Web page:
Carbon dioxide isn't the only climate-warming gas that's reached record levels in the last few years.
Scientists are now racing to explain what's causing methane — CO2's potent sidekick — to build up in the atmosphere at an alarming pace. That's especially concerning because the gas packs a short-term punch, trapping 84 times more heat than carbon dioxide in the first 20 years after its release.
Methane is also a tricky problem due to the variety of natural and human-made sources. The invisible gas seeps out of landfills, wetlands, cow guts and oil and gas operations. That makes it far tougher to pin down than carbon pollution, which can usually be tracked to the nearest smokestack or tailpipe.
A leading climate group now has a high-flying plan to help untangle the mystery and advance its policy goals.
Early next year, the Environmental Defense Fund plans to launch MethaneSAT, a $90 million satellite built to hunt global methane emissions with unprecedented precision. The results will be published online to hold corporations and nations accountable to their climate pledges, says Steven Hamburg, EDF's chief scientist.
"It's not just that we're going to produce data. We're going to build an advocacy team to ensure action is coming forward as a result of this increased transparency," Hamburg said.
On a recent afternoon, technicians at Ball Aerospace in Boulder prepared the satellite for a final set of tests to simulate the vacuum of space. Each wore head-to-toe "bunny suits" to protect the satellite against dust. Wires around their wrist grounded their bodies to guard against electrostatic shocks.
Through a window into a cleanroom, the spacecraft looked like a high-tech chest freezer with solar panels tucked against its sides. A visor on one end shades a custom-built optical sensor that will scan the Earth every three to four days as it looks for methane’s infrared fingerprints.
Science as an advocacy tool
Jon Goldstein, a senior policy director of legislative and regulatory affairs for the EDF, acknowledged launching a satellite is an ambitious move, but it’s a natural extension of the nonprofit’s previous methane work.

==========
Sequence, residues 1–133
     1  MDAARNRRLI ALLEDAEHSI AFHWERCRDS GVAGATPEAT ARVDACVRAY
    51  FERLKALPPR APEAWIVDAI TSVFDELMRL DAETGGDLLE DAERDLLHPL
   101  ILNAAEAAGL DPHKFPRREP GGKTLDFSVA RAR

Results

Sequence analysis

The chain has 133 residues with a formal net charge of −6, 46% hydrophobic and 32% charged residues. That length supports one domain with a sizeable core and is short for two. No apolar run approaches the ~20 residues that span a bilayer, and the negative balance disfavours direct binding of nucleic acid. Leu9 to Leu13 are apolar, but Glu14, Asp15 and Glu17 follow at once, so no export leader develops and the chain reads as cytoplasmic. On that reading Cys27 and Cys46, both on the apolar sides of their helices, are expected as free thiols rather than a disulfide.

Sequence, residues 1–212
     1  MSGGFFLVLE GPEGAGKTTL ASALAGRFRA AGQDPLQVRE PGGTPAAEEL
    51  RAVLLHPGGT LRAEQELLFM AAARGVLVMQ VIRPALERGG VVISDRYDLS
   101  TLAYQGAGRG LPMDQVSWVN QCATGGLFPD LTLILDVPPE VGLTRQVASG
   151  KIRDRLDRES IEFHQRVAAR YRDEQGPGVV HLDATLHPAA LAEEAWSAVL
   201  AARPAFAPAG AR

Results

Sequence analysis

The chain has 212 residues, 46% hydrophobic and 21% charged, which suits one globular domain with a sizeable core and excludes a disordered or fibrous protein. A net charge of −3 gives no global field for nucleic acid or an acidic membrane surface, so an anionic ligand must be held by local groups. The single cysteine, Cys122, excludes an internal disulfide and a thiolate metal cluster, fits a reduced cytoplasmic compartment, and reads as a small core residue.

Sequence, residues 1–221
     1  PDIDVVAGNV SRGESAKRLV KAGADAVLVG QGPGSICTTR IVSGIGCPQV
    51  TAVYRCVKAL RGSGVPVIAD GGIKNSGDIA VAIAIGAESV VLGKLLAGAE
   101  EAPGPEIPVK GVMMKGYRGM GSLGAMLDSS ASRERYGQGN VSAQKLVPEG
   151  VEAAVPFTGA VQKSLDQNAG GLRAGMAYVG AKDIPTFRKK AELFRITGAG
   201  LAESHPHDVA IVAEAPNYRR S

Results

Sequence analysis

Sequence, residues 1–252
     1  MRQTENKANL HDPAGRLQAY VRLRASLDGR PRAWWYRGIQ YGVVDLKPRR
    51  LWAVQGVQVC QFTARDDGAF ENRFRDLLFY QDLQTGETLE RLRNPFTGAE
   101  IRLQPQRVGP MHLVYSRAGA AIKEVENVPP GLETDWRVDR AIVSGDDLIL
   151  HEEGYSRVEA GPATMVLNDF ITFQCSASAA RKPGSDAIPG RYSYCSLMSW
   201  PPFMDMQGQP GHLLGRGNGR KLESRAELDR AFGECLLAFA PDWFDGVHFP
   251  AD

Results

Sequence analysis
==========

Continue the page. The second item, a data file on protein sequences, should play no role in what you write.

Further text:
Those efforts kicked off more than a decade ago. As advanced hydraulic fracturing techniques drove a natural gas boom across the U.S., the industry marketed the fuel as a climate-friendly alternative to coal.
Meanwhile, the EDF grew concerned the industry wasn't fully accounting for the climate impact of methane leaks, which is the primary ingredient in natural gas. To get a clearer picture, it collaborated with university scientists to measure emissions with everything from overhead flights to plastic bags tied around pipelines, said Goldstein.
The culmination of the research was a peer-reviewed 2018 report that found methane emissions from the U.S. oil and gas industry were around 60 percent higher than estimates from the U.S. Environmental Protection Agency.
Goldstein said the research — co-authored with scientists at prestigious institutions like Harvard and Standford — gave EDF new muscle to push for stricter methane regulations. Those campaigns, he said, helped nudge Colorado to adopt the nation's first set of oil and gas methane regulations in 2014. The Obama administration followed suit with the first federal rules two years later, requiring companies to monitor, plug and capture methane leaks at new drilling sites.
"That understanding prompted the action to get the regulations in place," Goldstein said.
Methane science on a higher orbit
MethaneSAT is an attempt to replicate the work on a global stage.